Should You Remodel or Relocate to Get the House You Need?

As families change, housing needs change. Young couples starting families or adding to their families find themselves in need of more space. Older couples with children leaving the nest find themselves with too much space or space that no longer meets their needs. The question then becomes do you move to a new home or remodel your current house to meet your needs? It’s a complicated question that needs to take several factors into account, and not all of those factors are financial.

Financial Considerations

The financial implications are obviously a critical component. Which option makes better financial sense? You need to gather some information before you can answer that question.

  • How much is your current home worth? You can determine this by asking a real estate agent to perform a comparative market analysis. You can also see what similar homes in your neighborhood are selling for.
  • How much will the planned renovations cost? Keep in mind that remodeling costs can often end up exceeding budget projections for a variety of reasons, including unexpected problems or changing the scope of the project. Don’t forget to add in the financing fees if you plan to finance your remodeling project.
  • How much will a new house that meets your needs cost? Contact a real estate agent or visit some open houses of homes that have the features you want.
  • Once you know the value of your home, with the added renovation costs, and the cost of a new home, you can compare the cost per square foot of each.
  • How much will it cost to move? There is a significant cost to move beyond the price of the home. Taking into account the real estate commission, mortgage financing charges, moving costs, utility deposits and other expenses, the average cost of moving expenses is about $40,000.
  • Will the renovations you plan to make price your home above other homes in your neighborhood? Keep the final home value at or only slightly above the neighborhood standards or you may not recoup your investment when you sell the home.
  • How will the decision affect property taxes? Remodeling may raise your property taxes,  depending on the scope and type of remodeling project. If you’re moving to a bigger home, that will also increase taxes, but downsizing to a smaller home may decrease your tax liability.
  • Consider the costs to maintain both your current home and the home you’re considering. An older home will require more maintenance and repairs, as will a larger home.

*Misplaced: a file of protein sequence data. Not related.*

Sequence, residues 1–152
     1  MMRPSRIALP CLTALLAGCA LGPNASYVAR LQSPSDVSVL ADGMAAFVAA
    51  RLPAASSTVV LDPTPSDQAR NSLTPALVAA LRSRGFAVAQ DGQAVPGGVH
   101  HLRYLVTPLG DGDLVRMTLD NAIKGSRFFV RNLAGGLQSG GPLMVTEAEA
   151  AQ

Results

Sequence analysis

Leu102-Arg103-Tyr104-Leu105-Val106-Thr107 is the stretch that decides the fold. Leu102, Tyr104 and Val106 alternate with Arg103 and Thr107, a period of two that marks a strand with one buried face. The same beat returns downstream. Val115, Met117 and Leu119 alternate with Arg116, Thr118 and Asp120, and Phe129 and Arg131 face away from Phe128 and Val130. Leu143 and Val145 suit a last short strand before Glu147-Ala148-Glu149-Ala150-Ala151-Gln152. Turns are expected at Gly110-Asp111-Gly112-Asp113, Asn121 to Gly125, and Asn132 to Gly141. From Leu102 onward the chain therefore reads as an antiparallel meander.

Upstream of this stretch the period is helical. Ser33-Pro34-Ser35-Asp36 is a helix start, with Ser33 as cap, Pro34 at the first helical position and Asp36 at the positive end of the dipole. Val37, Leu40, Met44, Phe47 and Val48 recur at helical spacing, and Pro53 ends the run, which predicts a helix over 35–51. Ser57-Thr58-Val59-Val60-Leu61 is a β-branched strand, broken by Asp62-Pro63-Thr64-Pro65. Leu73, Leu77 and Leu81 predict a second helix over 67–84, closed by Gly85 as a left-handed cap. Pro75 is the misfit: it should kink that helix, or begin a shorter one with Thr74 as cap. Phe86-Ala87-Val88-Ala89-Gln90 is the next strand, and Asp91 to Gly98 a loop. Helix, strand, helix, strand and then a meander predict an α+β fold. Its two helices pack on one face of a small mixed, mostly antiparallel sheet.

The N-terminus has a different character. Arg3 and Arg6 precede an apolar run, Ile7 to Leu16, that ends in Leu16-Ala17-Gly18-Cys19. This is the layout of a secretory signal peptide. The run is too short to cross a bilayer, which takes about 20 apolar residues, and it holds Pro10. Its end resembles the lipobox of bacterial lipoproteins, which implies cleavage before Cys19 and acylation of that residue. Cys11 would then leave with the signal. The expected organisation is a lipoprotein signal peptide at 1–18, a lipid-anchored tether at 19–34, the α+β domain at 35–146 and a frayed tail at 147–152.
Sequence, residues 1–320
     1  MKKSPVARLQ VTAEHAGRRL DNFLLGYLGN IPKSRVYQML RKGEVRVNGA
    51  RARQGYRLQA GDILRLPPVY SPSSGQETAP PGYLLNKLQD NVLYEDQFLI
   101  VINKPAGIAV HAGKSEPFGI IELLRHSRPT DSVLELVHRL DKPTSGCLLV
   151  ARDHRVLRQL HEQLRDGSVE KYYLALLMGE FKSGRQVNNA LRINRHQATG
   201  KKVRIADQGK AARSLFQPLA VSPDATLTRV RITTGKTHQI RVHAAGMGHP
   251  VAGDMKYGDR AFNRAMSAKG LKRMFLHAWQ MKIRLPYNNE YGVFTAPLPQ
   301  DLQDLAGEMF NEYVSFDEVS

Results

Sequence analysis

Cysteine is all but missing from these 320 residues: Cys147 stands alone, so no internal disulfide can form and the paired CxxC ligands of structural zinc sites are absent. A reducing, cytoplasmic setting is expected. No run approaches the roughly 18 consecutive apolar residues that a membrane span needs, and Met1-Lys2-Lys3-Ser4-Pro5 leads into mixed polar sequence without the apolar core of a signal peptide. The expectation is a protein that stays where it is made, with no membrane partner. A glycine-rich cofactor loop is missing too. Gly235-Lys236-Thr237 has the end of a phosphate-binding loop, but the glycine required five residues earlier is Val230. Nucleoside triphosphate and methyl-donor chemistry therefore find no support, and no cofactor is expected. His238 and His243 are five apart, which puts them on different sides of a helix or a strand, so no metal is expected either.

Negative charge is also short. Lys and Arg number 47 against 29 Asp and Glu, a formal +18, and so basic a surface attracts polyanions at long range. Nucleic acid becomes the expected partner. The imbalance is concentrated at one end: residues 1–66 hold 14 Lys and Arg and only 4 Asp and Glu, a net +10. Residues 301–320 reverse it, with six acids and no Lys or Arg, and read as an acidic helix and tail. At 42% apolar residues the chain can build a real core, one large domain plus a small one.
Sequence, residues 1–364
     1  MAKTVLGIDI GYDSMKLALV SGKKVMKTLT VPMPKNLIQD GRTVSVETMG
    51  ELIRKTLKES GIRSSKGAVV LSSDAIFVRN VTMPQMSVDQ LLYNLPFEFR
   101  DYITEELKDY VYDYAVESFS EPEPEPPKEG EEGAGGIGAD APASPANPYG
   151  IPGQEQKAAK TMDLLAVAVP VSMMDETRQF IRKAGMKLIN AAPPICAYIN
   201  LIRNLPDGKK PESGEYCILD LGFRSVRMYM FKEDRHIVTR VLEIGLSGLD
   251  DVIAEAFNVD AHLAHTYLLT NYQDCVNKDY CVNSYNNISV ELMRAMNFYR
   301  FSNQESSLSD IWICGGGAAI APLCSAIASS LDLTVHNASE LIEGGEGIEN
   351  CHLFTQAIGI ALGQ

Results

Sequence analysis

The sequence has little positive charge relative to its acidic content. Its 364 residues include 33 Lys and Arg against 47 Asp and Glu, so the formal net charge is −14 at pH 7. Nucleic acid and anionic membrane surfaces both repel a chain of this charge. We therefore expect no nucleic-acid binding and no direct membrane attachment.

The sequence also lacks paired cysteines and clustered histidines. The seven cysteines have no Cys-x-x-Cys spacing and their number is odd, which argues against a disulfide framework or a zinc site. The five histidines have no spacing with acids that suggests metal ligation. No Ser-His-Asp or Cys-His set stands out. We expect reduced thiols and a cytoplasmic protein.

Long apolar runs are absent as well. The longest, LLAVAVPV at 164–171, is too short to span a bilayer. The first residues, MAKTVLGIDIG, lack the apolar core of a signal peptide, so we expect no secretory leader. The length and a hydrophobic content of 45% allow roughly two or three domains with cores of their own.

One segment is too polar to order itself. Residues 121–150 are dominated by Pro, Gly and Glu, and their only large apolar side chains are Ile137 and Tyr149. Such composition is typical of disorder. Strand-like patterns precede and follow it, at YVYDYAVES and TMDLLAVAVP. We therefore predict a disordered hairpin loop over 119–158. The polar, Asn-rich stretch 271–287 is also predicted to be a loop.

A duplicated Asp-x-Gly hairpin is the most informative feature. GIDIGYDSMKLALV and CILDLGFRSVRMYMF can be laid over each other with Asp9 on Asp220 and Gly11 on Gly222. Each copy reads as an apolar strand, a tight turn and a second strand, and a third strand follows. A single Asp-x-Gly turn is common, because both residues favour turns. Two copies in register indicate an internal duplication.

Personal Considerations

There are many factors beyond financial that must be taken into account. Consider the location of your current home. If you love your current neighborhood and like your current home other than a particular aspect, remodeling could give you the house you want without having to relocate. This may be an especially attractive option if you have children who would have to change schools by moving. However, if you don’t particularly like your current neighborhood or there are multiple areas of your home that are no longer working for you, moving to a house that has what you need may be a better option.

Also consider which option is more likely to give you the house you really want. Remodeling will give you the control to get exactly what you want. If you move, you may not find a home with everything you want and you may have to compromise on some features. However, if your current home will not completely meet your needs even after renovations are made, it is probably best to find a home that will.

Finally, take into consideration the effort involved with both options. If you remodel your home, you’ll have to deal with the construction process. The time involved will vary depending on the scale of your remodeling project. Also depending on the type of project, you may have to stay elsewhere during construction, which both a hassle and an expense. But moving has its own hassles. Before you can move you will have to stage and show your current home, meaning strangers will be viewing your home and invading your space. You may need to make repairs and upgrades to your current home, the home you’re moving to, or both. And, of course, moving means packing and unpacking everything you own.